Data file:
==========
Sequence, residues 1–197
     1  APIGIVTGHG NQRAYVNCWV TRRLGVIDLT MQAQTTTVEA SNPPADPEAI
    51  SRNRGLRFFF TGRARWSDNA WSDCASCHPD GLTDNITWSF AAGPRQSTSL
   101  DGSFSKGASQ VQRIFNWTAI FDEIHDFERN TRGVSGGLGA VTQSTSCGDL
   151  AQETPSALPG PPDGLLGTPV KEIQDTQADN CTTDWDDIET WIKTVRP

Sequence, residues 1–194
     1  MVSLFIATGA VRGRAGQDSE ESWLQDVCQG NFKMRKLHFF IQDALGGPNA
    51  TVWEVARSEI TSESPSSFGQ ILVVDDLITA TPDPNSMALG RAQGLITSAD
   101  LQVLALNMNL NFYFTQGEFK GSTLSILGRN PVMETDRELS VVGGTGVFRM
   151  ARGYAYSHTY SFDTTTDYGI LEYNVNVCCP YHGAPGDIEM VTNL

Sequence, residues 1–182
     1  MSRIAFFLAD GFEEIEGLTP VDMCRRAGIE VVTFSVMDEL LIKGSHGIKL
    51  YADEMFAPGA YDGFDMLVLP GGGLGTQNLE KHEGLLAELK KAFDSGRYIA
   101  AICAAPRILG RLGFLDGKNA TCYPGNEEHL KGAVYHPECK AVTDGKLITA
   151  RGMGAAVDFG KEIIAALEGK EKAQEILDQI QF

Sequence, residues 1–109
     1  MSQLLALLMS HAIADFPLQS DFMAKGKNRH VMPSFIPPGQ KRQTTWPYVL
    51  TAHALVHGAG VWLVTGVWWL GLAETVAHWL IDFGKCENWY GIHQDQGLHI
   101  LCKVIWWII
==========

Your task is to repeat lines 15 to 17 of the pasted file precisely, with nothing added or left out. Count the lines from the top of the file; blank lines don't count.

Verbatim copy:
   151  RGMGAAVDFG KEIIAALEGK EKAQEILDQI QF

Sequence, residues 1–109
     1  MSQLLALLMS HAIADFPLQS DFMAKGKNRH VMPSFIPPGQ KRQTTWPYVL